2019 Paul Bourke Public Lecture presented by Dr Renee Zahnow

Patterns of crime in everyday life: Using big data to capture the dynamics of urban social environments

Tue 8 Oct 2019 4:45pm7:00pm


ViewPoint, Building 33, The University of Queensland, St Lucia Campus

Watch the lecture here!


All are welcome to attend our free event. For catering purposes and as capacity is limited, please register by Thursday 3 October 2019.

About the lecture 

The majority of crime events in urban spaces are unplanned and take place during the course of everyday legitimate activities. Despite a long standing theoretical interest in the spatial routines that structure our daily lives, our empirical understanding of everyday, urban population dynamics and how they influence crime remains in its infancy. This empirical gap reflects a broader trend in both criminology and the social sciences where there has been a tendency to neglect the seemingly ‘mundane’, everyday, normal situation to instead focus on extreme or rare events that emerge under unusual circumstances or in times of crisis (e.g. neglecting common assault to focus on robbery or murder; ignoring behaviour during an afternoon drizzle to focus on behaviour during a flood). To better understand the dynamics of urban social environments and opportunistic crime events, future research must consider the nuances of daily routines and explore the mechanisms through which incidental encounters and social interactions facilitate the ebb and flow of crime opportunities in urban environments throughout the course of the day.

The focus of this presentation will be on the way in which big data can be utilised to better understand the nuances of ‘normal’, everyday life that serve as precursors to crime events; but can also serve as opportunities for everyday citizens to act as crime guardians. Dr Zahnow will report on recent work using ‘go-card’ smart card data, survey and mobile phone data to demonstrate ways in which big data and mobile phone data can help us to better understand the crime landscape and establish appropriate crime prevention responses that focus on empowering the public to act as informal crime guardians through awareness and education.

About the presenter 

Dr Renee Zahnow is a Lecturer in Criminology in the School of Social Science at The University of Queensland (UQ). Renee has expertise in spatial and longitudinal analyses and she has applied these skills to examine a range of social problems including crime, disorder, community social processes, resilience, substance use and community regulation. Renee's research focuses on place-based patterns of crime and victimisation; she is particularly interested in understanding the link between the regularities of daily human mobility, social and behavioural norms and the propensity for crime and deviance. Dr Zahnow has worked across a range of research projects including program evaluations and random-control trials. She has experience in working with police, ambulance and hospital data and has established working ties with industry partners and international colleagues. She has expert knowledge in areas of urban criminology, youth and deviance and substance use. Her work is published in various journals, including Criminology, Crime and Delinquency, Journal of Urban Affairs and Journal of Environmental Psychology.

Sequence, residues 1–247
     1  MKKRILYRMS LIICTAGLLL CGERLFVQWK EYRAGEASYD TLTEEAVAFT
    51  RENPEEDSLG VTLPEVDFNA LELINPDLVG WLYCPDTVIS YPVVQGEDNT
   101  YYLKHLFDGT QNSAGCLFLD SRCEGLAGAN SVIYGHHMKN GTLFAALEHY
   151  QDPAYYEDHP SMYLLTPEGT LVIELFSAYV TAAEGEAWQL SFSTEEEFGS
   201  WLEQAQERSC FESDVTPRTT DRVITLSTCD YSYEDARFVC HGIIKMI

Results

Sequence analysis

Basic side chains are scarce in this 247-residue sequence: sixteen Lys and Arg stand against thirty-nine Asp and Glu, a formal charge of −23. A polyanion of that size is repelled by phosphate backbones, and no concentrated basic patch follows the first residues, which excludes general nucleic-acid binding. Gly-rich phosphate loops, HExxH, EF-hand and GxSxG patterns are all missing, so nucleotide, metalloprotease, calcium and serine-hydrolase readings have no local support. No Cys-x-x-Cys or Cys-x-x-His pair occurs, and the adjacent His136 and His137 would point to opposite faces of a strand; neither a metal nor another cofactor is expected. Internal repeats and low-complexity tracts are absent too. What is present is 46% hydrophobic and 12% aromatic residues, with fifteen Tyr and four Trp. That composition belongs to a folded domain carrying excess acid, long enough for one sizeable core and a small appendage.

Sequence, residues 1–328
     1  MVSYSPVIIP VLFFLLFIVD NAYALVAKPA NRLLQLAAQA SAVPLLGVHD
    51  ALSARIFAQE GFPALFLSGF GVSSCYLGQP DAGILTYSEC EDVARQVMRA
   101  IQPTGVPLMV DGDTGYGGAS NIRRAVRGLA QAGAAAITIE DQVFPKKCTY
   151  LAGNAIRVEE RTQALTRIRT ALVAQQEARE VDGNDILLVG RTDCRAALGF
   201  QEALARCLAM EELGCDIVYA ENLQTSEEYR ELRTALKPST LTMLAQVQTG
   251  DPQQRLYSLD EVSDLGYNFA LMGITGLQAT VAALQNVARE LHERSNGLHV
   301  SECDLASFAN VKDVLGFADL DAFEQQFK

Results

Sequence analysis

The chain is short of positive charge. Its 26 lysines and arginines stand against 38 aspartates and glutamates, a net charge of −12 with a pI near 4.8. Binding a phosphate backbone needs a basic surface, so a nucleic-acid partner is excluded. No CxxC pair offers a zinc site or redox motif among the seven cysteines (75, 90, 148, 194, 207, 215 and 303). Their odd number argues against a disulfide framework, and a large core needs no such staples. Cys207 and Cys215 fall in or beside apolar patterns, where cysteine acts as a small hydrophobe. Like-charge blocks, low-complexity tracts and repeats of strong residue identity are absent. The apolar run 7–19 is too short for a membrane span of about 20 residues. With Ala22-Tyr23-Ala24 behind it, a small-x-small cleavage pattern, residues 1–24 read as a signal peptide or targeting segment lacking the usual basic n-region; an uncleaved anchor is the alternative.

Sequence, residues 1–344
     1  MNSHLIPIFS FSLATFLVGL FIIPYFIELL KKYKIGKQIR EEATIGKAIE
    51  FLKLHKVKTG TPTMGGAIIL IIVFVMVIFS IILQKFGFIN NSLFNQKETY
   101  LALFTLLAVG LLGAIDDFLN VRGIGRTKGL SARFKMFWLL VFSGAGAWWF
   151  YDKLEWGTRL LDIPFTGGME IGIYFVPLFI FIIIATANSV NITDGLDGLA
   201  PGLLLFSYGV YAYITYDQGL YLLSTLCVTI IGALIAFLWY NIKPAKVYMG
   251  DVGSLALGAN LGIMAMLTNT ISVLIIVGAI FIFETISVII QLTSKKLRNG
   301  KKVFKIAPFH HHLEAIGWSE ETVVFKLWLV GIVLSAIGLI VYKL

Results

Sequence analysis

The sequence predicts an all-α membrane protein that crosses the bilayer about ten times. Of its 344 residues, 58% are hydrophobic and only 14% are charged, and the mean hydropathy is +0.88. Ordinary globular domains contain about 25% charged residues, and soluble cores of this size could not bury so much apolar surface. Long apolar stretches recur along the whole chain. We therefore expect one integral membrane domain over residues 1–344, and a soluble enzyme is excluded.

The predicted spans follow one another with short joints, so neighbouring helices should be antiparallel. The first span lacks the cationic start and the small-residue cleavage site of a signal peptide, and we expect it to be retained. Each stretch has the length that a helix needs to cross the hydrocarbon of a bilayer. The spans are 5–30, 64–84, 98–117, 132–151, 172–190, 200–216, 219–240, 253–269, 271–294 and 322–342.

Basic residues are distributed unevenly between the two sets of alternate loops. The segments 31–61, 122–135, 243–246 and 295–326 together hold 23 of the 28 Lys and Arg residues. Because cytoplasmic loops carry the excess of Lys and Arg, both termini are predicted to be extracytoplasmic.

Program and timings

Registration: 4.45pm for a 5pm start

Public Lecture: 5–6pm

Reception: 6–7pm


ViewPoint, Building 33, The University of Queensland, St Lucia Campus.

Find directions and parking information. 


Contact the  School of Social Science via email - socialscience@uq.edu.au 

About 2019 Paul Bourke Public Lecture

The Paul Bourke Lecture is named in honour of the late Paul Francis Bourke (1938–1999), President of the Academy of the Social Sciences in Australia from 1993–1997. The lecture is presented each year by the recipient of the previous year’s Paul Bourke Award for Early Career Research. The lecture is presented at the lecturer’s home university and is open to the public.


School of Social Science